const GLib =;

let regex = new GLib.Regex(pattern: String, compile_options: GLib.RegexCompileFlags, match_options: GLib.RegexMatchFlags);

The g_regex_*() functions implement regular expression pattern matching using syntax and semantics similar to Perl regular expression.

Some functions accept a @start_position argument, setting it differs from just passing over a shortened string and setting #G_REGEX_MATCH_NOTBOL in the case of a pattern that begins with any kind of lookbehind assertion. For example, consider the pattern "\Biss\B" which finds occurrences of "iss" in the middle of words. ("\B" matches only if the current position in the subject is not a word boundary.) When applied to the string "Mississipi" from the fourth byte, namely "issipi", it does not match, because "\B" is always false at the start of the subject, which is deemed to be a word boundary. However, if the entire string is passed , but with @start_position set to 4, it finds the second occurrence of "iss" because it is able to look behind the starting point to discover that it is preceded by a letter.

Note that, unless you set the #G_REGEX_RAW flag, all the strings passed to these functions must be encoded in UTF-8. The lengths and the positions inside the strings are in bytes and not in characters, so, for instance, "\xc3\xa0" (i.e. "à") is two bytes long but it is treated as a single character. If you set #G_REGEX_RAW the strings can be non-valid UTF-8 strings and a byte is treated as a character, so "\xc3\xa0" is two bytes and two characters long.

When matching a pattern, "\n" matches only against a "\n" character in the string, and "\r" matches only a "\r" character. To match any newline sequence use "\R". This particular group matches either the two-character sequence CR + LF ("\r\n"), or one of the single characters LF (linefeed, U+000A, "\n"), VT vertical tab, U+000B, "\v"), FF (formfeed, U+000C, "\f"), CR (carriage return, U+000D, "\r"), NEL (next line, U+0085), LS (line separator, U+2028), or PS (paragraph separator, U+2029).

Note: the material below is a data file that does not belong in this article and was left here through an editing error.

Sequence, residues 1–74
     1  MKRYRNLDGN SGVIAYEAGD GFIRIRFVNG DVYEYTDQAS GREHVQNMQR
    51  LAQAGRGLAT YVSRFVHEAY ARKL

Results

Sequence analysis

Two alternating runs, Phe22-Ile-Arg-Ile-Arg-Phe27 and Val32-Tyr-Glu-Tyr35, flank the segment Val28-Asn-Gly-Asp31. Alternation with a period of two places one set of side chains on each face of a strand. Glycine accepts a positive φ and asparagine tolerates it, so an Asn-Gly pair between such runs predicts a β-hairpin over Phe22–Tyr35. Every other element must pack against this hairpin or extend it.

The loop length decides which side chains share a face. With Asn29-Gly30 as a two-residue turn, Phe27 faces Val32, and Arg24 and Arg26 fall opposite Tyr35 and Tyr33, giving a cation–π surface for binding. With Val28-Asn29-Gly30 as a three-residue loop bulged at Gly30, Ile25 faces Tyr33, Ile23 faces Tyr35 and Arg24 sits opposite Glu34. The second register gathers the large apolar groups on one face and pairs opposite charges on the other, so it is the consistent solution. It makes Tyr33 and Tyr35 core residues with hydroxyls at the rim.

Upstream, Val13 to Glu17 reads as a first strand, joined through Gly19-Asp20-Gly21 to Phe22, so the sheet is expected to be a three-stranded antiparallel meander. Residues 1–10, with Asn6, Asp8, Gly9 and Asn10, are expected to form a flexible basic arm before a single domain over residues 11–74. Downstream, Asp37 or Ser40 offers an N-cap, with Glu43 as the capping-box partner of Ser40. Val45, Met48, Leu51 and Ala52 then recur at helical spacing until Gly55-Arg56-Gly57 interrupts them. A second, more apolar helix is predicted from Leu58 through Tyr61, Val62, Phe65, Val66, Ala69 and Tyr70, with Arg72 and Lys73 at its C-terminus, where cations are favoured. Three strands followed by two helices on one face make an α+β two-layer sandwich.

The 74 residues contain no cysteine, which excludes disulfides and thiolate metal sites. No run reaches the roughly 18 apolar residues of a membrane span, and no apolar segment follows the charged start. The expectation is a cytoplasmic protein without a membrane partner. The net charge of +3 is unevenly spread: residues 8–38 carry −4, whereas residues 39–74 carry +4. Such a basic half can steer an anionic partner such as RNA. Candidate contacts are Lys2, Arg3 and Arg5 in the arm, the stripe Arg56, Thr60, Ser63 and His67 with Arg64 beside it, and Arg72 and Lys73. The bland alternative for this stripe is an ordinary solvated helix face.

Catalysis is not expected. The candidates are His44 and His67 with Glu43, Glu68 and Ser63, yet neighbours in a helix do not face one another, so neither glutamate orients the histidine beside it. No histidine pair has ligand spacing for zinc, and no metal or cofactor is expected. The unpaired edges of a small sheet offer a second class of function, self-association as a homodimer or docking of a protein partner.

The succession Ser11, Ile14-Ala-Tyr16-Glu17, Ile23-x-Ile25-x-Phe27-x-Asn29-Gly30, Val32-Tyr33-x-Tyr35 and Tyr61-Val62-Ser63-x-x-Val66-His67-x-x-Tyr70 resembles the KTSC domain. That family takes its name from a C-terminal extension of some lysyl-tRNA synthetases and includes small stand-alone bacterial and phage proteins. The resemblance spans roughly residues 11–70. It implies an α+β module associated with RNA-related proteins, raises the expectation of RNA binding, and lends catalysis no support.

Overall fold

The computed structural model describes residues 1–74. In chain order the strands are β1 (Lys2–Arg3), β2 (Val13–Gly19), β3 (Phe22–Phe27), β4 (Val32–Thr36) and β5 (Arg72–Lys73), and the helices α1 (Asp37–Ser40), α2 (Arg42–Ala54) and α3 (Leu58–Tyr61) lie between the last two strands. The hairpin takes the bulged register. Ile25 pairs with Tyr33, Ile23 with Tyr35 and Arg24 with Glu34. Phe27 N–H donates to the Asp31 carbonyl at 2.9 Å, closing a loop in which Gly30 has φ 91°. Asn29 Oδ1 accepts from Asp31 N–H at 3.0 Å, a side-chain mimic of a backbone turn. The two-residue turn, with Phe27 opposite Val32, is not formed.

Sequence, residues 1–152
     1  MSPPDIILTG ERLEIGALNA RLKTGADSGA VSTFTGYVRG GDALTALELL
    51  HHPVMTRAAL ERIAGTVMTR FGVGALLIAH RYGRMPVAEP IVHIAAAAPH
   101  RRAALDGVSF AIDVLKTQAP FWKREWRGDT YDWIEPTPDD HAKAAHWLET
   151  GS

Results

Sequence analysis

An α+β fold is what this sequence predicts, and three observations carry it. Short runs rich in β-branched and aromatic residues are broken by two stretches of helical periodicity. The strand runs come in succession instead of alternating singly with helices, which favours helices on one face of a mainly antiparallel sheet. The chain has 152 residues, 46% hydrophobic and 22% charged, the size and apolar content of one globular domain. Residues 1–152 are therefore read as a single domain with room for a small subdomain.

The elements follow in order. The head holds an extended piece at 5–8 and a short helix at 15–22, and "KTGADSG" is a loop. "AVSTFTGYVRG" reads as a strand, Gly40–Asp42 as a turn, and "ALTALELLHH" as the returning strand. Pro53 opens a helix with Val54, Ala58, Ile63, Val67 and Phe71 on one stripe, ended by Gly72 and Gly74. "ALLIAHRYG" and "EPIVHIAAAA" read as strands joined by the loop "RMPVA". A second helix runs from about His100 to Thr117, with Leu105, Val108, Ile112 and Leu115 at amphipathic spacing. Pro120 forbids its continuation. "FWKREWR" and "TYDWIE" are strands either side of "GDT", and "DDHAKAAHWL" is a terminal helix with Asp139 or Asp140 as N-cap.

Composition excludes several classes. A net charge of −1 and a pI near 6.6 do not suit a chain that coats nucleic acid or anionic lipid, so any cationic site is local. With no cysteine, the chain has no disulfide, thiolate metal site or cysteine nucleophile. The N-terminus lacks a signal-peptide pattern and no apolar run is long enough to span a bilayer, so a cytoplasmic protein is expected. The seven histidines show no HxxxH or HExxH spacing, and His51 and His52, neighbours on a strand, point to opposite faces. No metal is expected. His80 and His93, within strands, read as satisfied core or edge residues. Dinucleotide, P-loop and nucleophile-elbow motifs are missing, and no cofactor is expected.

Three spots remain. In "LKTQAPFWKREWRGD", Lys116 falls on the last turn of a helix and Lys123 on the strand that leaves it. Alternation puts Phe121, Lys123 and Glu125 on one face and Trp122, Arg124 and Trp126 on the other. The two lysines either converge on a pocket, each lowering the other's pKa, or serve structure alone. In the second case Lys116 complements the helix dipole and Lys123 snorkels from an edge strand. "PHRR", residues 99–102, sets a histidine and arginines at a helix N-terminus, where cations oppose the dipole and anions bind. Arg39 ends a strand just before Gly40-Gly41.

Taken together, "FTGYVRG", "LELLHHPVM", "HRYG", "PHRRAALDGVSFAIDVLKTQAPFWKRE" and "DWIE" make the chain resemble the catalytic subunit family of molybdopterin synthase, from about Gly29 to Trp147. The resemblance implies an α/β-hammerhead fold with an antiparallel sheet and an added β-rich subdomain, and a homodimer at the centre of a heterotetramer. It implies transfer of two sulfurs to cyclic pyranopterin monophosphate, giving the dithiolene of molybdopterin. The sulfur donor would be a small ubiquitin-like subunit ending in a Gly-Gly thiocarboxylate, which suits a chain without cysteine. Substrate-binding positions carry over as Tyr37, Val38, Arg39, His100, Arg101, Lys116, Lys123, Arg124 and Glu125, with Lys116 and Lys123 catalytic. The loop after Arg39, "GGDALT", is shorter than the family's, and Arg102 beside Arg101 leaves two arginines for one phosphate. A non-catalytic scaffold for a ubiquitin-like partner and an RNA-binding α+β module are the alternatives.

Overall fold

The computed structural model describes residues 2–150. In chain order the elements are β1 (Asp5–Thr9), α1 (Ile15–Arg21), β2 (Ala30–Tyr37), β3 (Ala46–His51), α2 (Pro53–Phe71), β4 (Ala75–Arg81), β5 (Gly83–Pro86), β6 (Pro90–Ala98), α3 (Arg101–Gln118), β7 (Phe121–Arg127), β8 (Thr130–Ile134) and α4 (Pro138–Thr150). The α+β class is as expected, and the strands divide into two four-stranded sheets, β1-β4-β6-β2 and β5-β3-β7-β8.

The behaviour of the dot, circumflex, and dollar metacharacters are affected by newline characters, the default is to recognize any newline character (the same characters recognized by "\R"). This can be changed with #G_REGEX_NEWLINE_CR, #G_REGEX_NEWLINE_LF and #G_REGEX_NEWLINE_CRLF compile options, and with #G_REGEX_MATCH_NEWLINE_ANY, #G_REGEX_MATCH_NEWLINE_CR, #G_REGEX_MATCH_NEWLINE_LF and #G_REGEX_MATCH_NEWLINE_CRLF match options. These settings are also relevant when compiling a pattern if #G_REGEX_EXTENDED is set, and an unescaped "#" outside a character class is encountered. This indicates a comment that lasts until after the next newline.

When setting the GLib.RegexCompileFlags.javascript_compat flag, pattern syntax and pattern matching is changed to be compatible with the way that regular expressions work in JavaScript. More precisely, a lonely ']' character in the pattern is a syntax error; the '\x' escape only allows 0 to 2 hexadecimal digits, and you must use the '\u' escape sequence with 4 hex digits to specify a unicode codepoint instead of '\x' or 'x{....}'. If '\x' or '\u' are not followed by the specified number of hex digits, they match 'x' and 'u' literally; also '\U' always matches 'U' instead of being an error in the pattern. Finally, pattern matching is modified so that back references to an unset subpattern group produces a match with the empty string instead of an error. See pcreapi(3) for more information.

Creating and manipulating the same GLib.Regex structure from different threads is not a problem as GLib.Regex does not modify its internal state between creation and destruction, on the other hand GLib.MatchInfo is not threadsafe.

The regular expressions low-level functionalities are obtained through the excellent [PCRE]( library written by Philip Hazel.

Since 2.14